The Age from Melbourne, Victoria, Victoria, Australia on September 2, 1997 · Page 4
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The Age from Melbourne, Victoria, Victoria, Australia · Page 4

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Melbourne, Victoria, Victoria, Australia
Issue Date:
Tuesday, September 2, 1997
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Page 4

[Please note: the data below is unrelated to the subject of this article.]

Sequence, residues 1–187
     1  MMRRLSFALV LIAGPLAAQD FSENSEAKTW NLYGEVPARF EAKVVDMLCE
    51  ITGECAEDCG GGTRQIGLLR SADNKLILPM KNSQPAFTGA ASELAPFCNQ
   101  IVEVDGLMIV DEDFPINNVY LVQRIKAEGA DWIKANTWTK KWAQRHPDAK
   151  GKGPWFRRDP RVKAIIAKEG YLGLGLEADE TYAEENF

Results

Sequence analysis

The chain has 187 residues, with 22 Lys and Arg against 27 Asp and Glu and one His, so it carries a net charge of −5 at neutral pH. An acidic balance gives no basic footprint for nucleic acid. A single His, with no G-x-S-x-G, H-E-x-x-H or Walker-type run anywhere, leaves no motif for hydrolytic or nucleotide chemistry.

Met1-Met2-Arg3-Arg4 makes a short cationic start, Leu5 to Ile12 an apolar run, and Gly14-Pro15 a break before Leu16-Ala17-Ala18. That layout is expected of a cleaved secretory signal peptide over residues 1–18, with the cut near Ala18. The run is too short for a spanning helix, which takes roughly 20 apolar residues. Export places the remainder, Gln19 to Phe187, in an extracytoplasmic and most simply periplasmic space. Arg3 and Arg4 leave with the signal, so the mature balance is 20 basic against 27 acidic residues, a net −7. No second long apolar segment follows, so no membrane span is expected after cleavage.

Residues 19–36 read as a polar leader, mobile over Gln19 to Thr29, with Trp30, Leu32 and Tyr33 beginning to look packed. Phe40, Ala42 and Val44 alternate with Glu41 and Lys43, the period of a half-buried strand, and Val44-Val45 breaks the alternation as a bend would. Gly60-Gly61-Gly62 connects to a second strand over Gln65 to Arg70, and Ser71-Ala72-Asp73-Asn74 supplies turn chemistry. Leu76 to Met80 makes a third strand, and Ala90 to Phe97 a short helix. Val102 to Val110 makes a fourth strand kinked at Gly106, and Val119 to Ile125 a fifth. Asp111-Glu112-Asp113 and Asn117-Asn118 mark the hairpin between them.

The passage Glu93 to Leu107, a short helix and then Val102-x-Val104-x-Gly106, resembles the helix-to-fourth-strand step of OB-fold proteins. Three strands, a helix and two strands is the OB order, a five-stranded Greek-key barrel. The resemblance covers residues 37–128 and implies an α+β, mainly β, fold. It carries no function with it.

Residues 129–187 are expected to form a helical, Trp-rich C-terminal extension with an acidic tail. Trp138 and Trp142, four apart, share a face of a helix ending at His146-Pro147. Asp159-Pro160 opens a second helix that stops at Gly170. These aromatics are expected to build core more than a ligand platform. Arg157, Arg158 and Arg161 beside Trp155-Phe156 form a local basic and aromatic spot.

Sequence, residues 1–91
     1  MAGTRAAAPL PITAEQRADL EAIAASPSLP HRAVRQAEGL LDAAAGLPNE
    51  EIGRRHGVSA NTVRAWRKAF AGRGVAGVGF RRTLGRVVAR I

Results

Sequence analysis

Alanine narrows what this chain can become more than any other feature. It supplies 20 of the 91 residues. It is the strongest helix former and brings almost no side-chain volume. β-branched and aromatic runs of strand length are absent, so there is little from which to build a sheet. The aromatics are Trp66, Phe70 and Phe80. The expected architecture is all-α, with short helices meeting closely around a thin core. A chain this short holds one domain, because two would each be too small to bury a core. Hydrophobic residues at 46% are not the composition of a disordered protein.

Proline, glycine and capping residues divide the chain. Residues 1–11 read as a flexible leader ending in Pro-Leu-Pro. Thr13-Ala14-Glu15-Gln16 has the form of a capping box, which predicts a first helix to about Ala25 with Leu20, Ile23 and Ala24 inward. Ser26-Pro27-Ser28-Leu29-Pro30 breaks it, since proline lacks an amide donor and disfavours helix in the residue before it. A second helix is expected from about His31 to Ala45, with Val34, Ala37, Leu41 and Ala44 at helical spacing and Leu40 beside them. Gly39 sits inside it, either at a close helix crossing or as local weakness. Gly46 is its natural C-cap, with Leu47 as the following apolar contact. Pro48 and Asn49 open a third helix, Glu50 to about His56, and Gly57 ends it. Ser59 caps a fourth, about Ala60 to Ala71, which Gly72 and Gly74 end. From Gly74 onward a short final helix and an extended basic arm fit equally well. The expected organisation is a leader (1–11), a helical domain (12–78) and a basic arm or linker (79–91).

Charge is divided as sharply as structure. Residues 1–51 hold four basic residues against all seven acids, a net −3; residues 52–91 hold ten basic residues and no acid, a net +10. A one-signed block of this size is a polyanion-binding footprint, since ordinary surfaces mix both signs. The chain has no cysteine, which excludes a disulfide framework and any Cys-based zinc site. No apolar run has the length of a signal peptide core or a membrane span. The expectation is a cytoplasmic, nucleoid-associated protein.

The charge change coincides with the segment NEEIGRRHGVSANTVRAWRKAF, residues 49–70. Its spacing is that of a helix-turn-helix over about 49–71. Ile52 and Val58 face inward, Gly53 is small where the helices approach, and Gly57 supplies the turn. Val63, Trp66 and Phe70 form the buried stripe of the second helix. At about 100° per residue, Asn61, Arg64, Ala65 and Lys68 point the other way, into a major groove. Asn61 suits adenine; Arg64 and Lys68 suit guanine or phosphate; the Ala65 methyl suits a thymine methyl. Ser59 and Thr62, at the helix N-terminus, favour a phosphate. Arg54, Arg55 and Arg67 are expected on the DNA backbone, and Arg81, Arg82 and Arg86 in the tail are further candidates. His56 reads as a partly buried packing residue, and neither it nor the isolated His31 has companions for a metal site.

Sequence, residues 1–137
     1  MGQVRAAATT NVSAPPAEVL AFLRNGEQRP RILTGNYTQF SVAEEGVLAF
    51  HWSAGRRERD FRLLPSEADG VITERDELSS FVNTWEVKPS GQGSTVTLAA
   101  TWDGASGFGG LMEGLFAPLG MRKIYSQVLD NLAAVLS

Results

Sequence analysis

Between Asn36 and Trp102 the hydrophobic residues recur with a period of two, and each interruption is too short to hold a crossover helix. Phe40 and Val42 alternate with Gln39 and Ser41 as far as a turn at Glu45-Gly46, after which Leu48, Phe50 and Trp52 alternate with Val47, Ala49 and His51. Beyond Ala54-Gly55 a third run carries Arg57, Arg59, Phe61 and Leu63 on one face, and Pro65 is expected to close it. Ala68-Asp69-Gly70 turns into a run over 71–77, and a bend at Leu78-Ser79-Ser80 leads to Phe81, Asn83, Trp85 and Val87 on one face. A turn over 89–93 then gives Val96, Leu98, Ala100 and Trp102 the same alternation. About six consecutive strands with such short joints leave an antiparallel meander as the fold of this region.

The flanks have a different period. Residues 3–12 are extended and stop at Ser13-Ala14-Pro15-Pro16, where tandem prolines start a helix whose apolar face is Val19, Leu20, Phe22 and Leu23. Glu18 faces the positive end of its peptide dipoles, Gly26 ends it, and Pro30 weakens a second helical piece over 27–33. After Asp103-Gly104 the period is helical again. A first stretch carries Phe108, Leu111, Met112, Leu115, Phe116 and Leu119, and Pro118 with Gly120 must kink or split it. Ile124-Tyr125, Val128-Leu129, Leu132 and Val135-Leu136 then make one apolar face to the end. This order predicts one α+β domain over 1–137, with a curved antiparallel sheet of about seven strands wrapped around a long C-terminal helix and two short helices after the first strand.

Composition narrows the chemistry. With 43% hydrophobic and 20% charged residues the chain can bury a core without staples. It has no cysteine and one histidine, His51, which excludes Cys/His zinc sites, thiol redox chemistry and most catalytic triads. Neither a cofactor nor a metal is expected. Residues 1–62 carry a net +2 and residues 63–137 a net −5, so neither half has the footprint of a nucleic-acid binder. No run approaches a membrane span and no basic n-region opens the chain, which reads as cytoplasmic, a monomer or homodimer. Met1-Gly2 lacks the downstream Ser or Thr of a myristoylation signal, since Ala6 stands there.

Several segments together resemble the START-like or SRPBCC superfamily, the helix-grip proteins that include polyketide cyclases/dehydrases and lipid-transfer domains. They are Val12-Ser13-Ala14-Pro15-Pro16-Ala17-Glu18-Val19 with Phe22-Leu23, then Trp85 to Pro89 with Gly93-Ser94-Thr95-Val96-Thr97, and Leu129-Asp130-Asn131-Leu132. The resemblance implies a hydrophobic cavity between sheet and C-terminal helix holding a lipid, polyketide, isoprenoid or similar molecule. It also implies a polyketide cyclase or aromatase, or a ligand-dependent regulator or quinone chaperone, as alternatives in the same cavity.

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THE WORLD MOURNS THE TABLOIDS Angry Britoms declare war oil the media By SARAH LYALL, London, Monday "I always believed that the press would kill her in the end, the Princess of Wales' brother, Earl Spencer, said bitterly to the reporters clustered outside the front gates of his home in Cape Town, South Africa, early yesterday. "Not even I could imagine that they would take such a direct hand in her death, as seems to be the case." In their search for a way to deal with Diana's sudden, violent death, many Britons along with people all over the world found themselves agreeing yesterday with the earl. They focused their bewildered rage on the country's ever-popular tabloids, whose UNDER SCRUTINY Australian leaders condemn intrusion into private life By KAREN MIDDLETON, Canberra The Deputy Prime Minister, Mr Tim Fischer, has lashed out at the level of media intrusion into the private life of the Princess of Wales in her 16 years of public life. During a sombre condolence motion in Federal Parliament yesterday, Mr Fischer acknowledged Princess Diana had, at times, made use of the media to further causes with which she was associated. "But that did not in any way justify the unfettered and very much on the edge of the law, if not beyond the law, intrusion which came from elements of the paparazzi as they hounded Princess Diana through much of her life," Mr Fischer said. "I guess it's a question to ask also: was her role as a spouse and her role as a free-standing charity worker a circus for the sake of a circus and attention? The answer to that question must clearly be no. Hounding upsetting, says Kidman's father By LOUISE MARTIN, Sydney Dr Anthony Kidman gains a rare insight into what it is like to be hounded by the paparazzi every time his actor daughter Nicole comes home for a visit. Despite his training as a clinical psychologist, Dr Kidman finds himself becoming angry and aggressive each time he sees the long-range lenses of the photographers staking out his Sydney house, or hears them tupping on the windows to provoke a response. ''You can understand why people lose it with them, i don't condone that, of course, but they (photographers) are trying to provoke incidents," Dr Kidman said yesterday. His training and experience . as the father of one of Australia's few internationally recognised celebrities gives him a special understanding of the high-speed car chase through the Paris tunnel on Sunday that ended in disaster. Dr Kidman said Princess THE OTHER VICTIM Harrods heir laid to rest after London ceremony London, Monday Mr Dodi al-Fayed was buried last night at a cemetery near Guildford, Surrey, police said. The Harrods heir was laid to rest at Brookwood Cemetery after a Muslim ceremony at the London Central Mosque in Regents Park. His body had been brought from Paris where he was killed. Mr Raafat Maglad, the muezzin (official who calls the faithful to prayer) at the mosque, said Mr Mohamad al-Fayed was In tears as his son's coffin stood before him. "Mr al-Fayed was In tears, who wouldn t be with their son in front of them? This Is what he will remember of him." The Egyptian ambassador to Britain also attended, he said. v- 1 Earlier todays Mr Michael Cole, spokesman for Mr Fayed enthusiasm for publishing stories about Diana has always been matched by the public's eagerness to read about her. Yesterday the partnership between the newspapers and their vast readership fell apart, and the fact that Diana seemed often to use the news media as . readily as the news media used her was all but forgotten in the country's collective fury. A crowd at Kensington Palace, where Diana lived, jeered at the reporters sent there to describe the public reaction to her death. "Happy now?" yelled a bus driver passing by, unleashing expletives as the crowd cheered. While all of Britain's newspapers bore the brunt of the "Given the choice and the level of commitment to the task, it is clearly obvious that she carried a very genuine and determined will to assist those who were worse off." The Health Minister, Dr Michael Wooldridge, yesterday said he did not believe Australia's media was as ferocious as Britain's. He said he hoped there would never be a need to shackle media law in order to police unscrupulous behavior. "The Australian media are not nearly as bad as the British media," Dr Wooldridge said. "I hope it never gets that way. I hope the Australian media continues to respect the private lives of public figures as they have almost always done, although recently there was one notable exception. I hope we don't ever have to consider any changes to law because I think a free media is important" Dr Wooldridge is believed to be referring to the publication of a photograph of the former New South Wales senator, Dr Bob Woods, and his wife, lane, in the garden of their Sydney home after details were made public of Dr Woods' affair with Ms Roxanne Cameron. The publication of the photograph in News Ltd newspapers earlier this year was described as an unfortunate turning point in Australian newspaper Journalism. Diana and Mr Dodi al-Fayed would have been experiencing high levels of anger and anxiety because of the unrelenting media harassment, making them determined to take risks to escape the photographers. It was now impossible to escape the long-range lenses of the paparazzi, Dr Kidman said. "The technology now allows the cameras to be as intrusive as imaginable, making people prisoners of their own homes or hotels surrounded by security guards." He said his daughter now found that Sydney was one of the hardest places in the world to return to because the attention from the press was so intense. "In Los Angeles, they (Nicole and her husband Tom Cruise) are left alone to some extent', because they are surrounded by other actors." A new set of ethical standards was needed at an international level, or legislation to prevent individuals being harassed by the media, he said. and public affairs director for Harrods, said Mr Fayed wanted his son buried in Britain. "He is very patriotic about this country," Mr Cole said. "Even though neither, of them was British, they both regarded this country as their second home and gave their efforts for it. "Mr Fayed is going to take a long time to recover from this. His thoughts are with the princess's sons and the rest of her family. She Is Irreplaceable. But he himself has lost his eldest son." It was leamt yesterday that the Fayeds had instructed a French lawyer some weeks ago to begin taking civil legal action against the paparazzi over intrusions in the south of France. . . u. .... The Fayeds were paficulariy public's outrage yesterday, it was a particular practice of the tabloids buying unauthorised photographs from the paparazzi, the freelance photographers who are willing to do almost anything to secure a picture that came under the most intense scrutiny. "It would appear that every proprietor arid editor of every publication that has paid for intrusive and exploitative photographs of her, encouraging greedy and ruthless individuals to risk everything in pursuit of Diana's image, has blood on his hands today," the Earl said. For some time, public officials and editors of Britain's "quality" broadsheets have been calling for a privacy law . I The pursuit over, a people's I Vl I KKIIM I NJf5 1 I princess comes home liiyBM. t$ ' i Prince comes home with F ' . Early editions: Front pages of the national British papers were dominated by news of the death Tabloid refuses to buy Paris, Monday Two US tourists said today they saw a pack of photographers taking close-up pictures of the body of Princess Diana in the car in which she was killed. Jack and Robin Firestone, of New York, said they were in a taxi going the other way through the Alma tunnel just after the accident. Five photographers were taking pictures despite efforts by policemen to remove them, said Mrs Firestone, who said she, her husband and son were shocked by the behavior. She said they did not realise it was Diana until last night, having spent yesterday sightseeing in Paris. They saw the body of a blonde woman partly hanging out of a shattered window, with her head twisted to one side. Seven photographers, six French and one Macedonian, were still in custody today, after being arrested at the scene. Police have launched a criminal investigation into their role in causing the crash. worried about low-flying aircraft and other methods used by photographers. Yesterday, Mr Fayed flew to Paris in his jet to collect his son's body. "He is quite sure this tragedy would never have happened if it was not for photographers. It is terrible that they were simply having a quiet dinner and were hounded in this way when they left the restaurant. "Mr Fayed's thoughts are also with the chauffeur's family. He was a steady man who worked for the company for 10 years." As a mark of respect, the 11,000 electric bulbs that usually light up the facade of Harrods were switched off last night. But the union flags at half mast on the roof were illuminated and floral tributes lay at the doors, ra, AP, TMeoratih that would forbid the news media from intruding too aggressively into people's private lives. Yet France, where the crash took place, has one of the strictest privacy laws in Europe. Even if Britain were to enact such a law, it would not prevent the sort of chase that led to Diana's death, said Alan Rus-bridger, editor of The Guardian, i "I'm not sure that any privacy law would have operated here because it was in a public place and she was a public figure," Mr Rusbridger said in an interview. "But you would hope that simple editorial judgment would be used about whether or not this was a private event and a woman going out with a boyfriend for dinner is not by British papers London, Monday "Goodnight our sweet Princess", 'The saddest homecoming" and "She was so special" were some of the national newspaper headlines the British woke to today. The Sun devoted 22 pages to coverage and tributes, plus a 24-page supplement celebrating her life. Its front page featured a photograph of the coffin being The US tabloid publication National Enquirer said today color pictures of Diana trapped alive inside the car were being offered for sale to reap as much as SUS1 million (SA1.36 million). "We were offered those pictures," said Mr Stephen Coz, editor of the National Enquirer. Mr Coz said he had turned down the pictures and called on publications worldwide to do likewise to avoid pandering Fl if II ft I r. A hearse carrying the body of Mr Qodi al-Fayed arrives at the London Central Mosque In Regents Park for the Muslim funeral servlci. i Picture: AP any conceivable stretch of the imagination a public occasion." But, as Andrew Marr, the editor of The Independent, pointed out, photographers who snapped an exclusive photograph of a celebrity in a private moment could expect a lucrative reward in an insatiable global marketplace. ' Such photographers dogged Diana throughout her adult life, waiting by her car, following her down the street, taking wide-angle shots from secluded spots and selling them to the highest bidder. "What happened in France happened not purely because the British tabloid newspapers spend a lot of money on their pictures," Mr Marr said."So do farewell "our sweet Princess" carried home surrounded by a black border. The Timet' front-page photo showed the Prince of Wales with the Princess's sisters, Lady Sarah McCorquodale and Lady lane Fellowes, in Paris. It gave 27 pages to the story. In a full-page editorial, The Sun stated: "Like a candle in the wind, the flame that burned so bright will burn no more. Diana was the Peoples Princess. And today the people to baser instincts. Mr Coz said exclusive US rights to the shots had been offered to the Enquirer for $US250,000 ($A340,225) by people he did not identify. "The people in possession of those photos are trying to make a million dollars around' the world," he told the ABC program This Week. In London, the Press Association reported that Britain's biggest-selling tabloid, the News of 14"" international magazines and newspapers around the world." Yesterday, several tabloid editors in Britain and the US said they had been offered pictures of the car just after the crash, with the mangled victims inside, but had refused to buy them. in Britain, the situation is compounded by the fierce circulation war among the tabloids, whose editors, cowed by the newspapers' owners, go to extremes to produce exclusive stories and photographs. "The tabloid editors are under intense and constant pressure to deliver, and they all knew that Diana would sell papers," Mr Marr said. In the outpouring of anti- of the Princess of Wales. crash pictures ache to their bones with grief. "It is impossible to believe we will never again see the vibrant and beautiful woman who brought such joy to our lives." The newspaper made a plea for the press not to be blamed for Dianafe death. "Even the harshest privacy laws in the UK would not have stopped the terrible, terrible events of yesterday morning," it said. i -PA the World, had said a French photographer tried to sell pictures of Diana trapped' in the car for 200,000 ($A44 1,200). The paper said it had refused the offer. ; The executive editor of the National Enquirer, Mr David Perel, said in a telephone interview that he had seen the pictures being marketed to, tabloids around the world. ' "They show Princess pi in the auto wreck with blood on JU,' Hi media anger yesterday, it was easy to forget that the media's relationship with Diana was at times symbiotic rather than parasitic, She thrived on news coverage and sometimes courted reporters. And the public is more than willing to buy the tabloids. The Sim's daily circulation is about 3.8 million; the Mirror's is about 2.3 million. Sir Teddy Taylor, a Conservative MP, said yesterday: "The only way in which this horrific, nasty and intrusive practice would cease would be if the public at large made it clear that they do not like newspapers which engage in this kind of business." New York Times her, and Dodi Fayed dead in the back seat," he said. Pressed on who was selling the pictures, Mr Perel would not say. He said the Enquirer would probably publish an article identifying those marketing the death-scene shots. He said the article would appear in an edition available in most of the United States from Friday. Asked to explain how the pictures could have left the scene after photographers were detained, Mr Perel said: "Good question. Something we're still working on. I don't know, but I have seen them." Earlier, Mr Coz said on the NBC television program Meet the Press that rights to recent shots of Diana and Dodi on vacation on the French Riviera had sold in the United States for about' $US200, 000 ($A272,180). He said the high price fetched by such pictures had led to the chase of Diana by paparazzi. "This was a tragedy waiting to happen," he said. AFP, Renter Publisher defends women's magazines By FERGUS SHIEL The publisher of Australia's biggest selling women's magazine said she had received threats yesterday as criticism grew of the role of the media In Princess Diana's death. Ms Nene King, group publisher of Woman's Day, The Australian Women's Weekly and New Weekly, said the threats came despite 900,000 copies of Woman's Day being pulped since Princess Dlanafc death. She said the pulped Issue's cover story about Princess Diana's love life with Mr Dodi al-Fayed was considered tasteless following their deaths. Ms King said the princess death was tragic but she was tired of newspapers and television stations hypocritically accusing women magazine of using paparazzi photographs they used themselves. "I have had people ringing me up and thveitenlng me ana JUST BRIEFLY Doctor went to Diana's aid Paris, Monday THE doctor who was the first to treat Princess Diana at the,, crash site said she was unconscious, "moaning and gesturing in every direction!':, Dr Frederic Maillez told France-2 television today hi' had freed her upper respiratory tracts and helped her breathe with an ' oxygen mask. Reuter Survivor was 'Dodi's shadow' THE only survivor of the crash, the security man Trevor Rees-Jones, is a former soldier and Gulf War' veteran known as "Dodi's shadow", The Times reported. Mr Rees-lones, 29, is in hospital with moderate head and lung injuries. He is' a former member of the close protection team oi the. Royal Military Police, who protect VIPs, it said. PA Driver not a professional THE driver of the Mercedc was not a professional chauffeur, a former Ritz Hotel employee said today. The driver was the deputy" ' head of security at the luxury hotel owned by Mohamed .' al-Fayed, the source said. "A professional chauffeur couldn't have had this kind ' of accident," the former employee said. AFP I love her, says Hewitt JAMES HEWITT, the cavalry , officer who had an affair with Princess Diana, said today: "I love her and will miss her terribly." Mr Hewitt, with tears in his eyes, read a statement saying: "Yesterday : was a day the world will ; never forget . . . The world has lost a very special person. who touthed the hearts of, , millions." Reuter Gym boss silent out of respect Till'! man who hid a cainer in tlit iodI of his London gymnasium lo photograph Princess Diana lour years ago refused lo talk atioul her death mil of respect. The New Zealandcr liryce Taylor-, said through a friend in Auckland: "I'm very saddened it was such a tragedy." Mr Taylor apologised as pari of a settlement last year. NZKA-, Court ban bid on paparazzo A MXiAl. team for Princess Diana was lo appear in London's High Court today, to try lo keep an amateur paparu..o away from her. The Princess's affidavit said: "I le always drives his molurO cycle as close as he possibly can lo my motor car, even il liis means travelling fast through red lights at intersections." The brief hearing was to he part of lii'i" hid to make a temporary han permanent. PA Shocked Jacko cancels concert I I IE pop slur Michael lackson cancelled a conceit yesterday for (i(l,(H)() people in Ostend, Itelgiiim, because of shock nl die death, a record company spokeswoman said. Reuter Libya says it was murder 1.IIIYAN slate television yesterday accused Britain of killing Princess Diana and Dodi al-l'ayed. The National Committee lor Human Rights in Libya accused British and other intelligence services of the deaths "due to her friendship with an ' Egyptian Arab". AFP our building has hud bomb' threats. We have hud u very dlf llciill day," Ms King said. Princess Diana's brother, Furl Charles Spencer, has" accused every media propria ctor and editor who puld fop Intrusive and exploitative phn tographs of her of having1 "blood on his hands". Ms King said now was -noli the lime for recriminations but for grief. The tragedy had caused her to reflect on "why- V wnnl lo do this Job uny more' hut she defended her piihllrn lions' use of papuray.i shots', saying, "we know how far. tit' go". r t.lt... . roicssor ihiviu rmii, uiu going chairman of the Ausira!) Man Press Council, said yestert day that u backlash Jil Austrullu ugulnsl doniestro media outlets over I'riiiue DluniiVt deulh would be mis taken. "The Australian media liov preserved a decent distance from puMlc figures," he mid.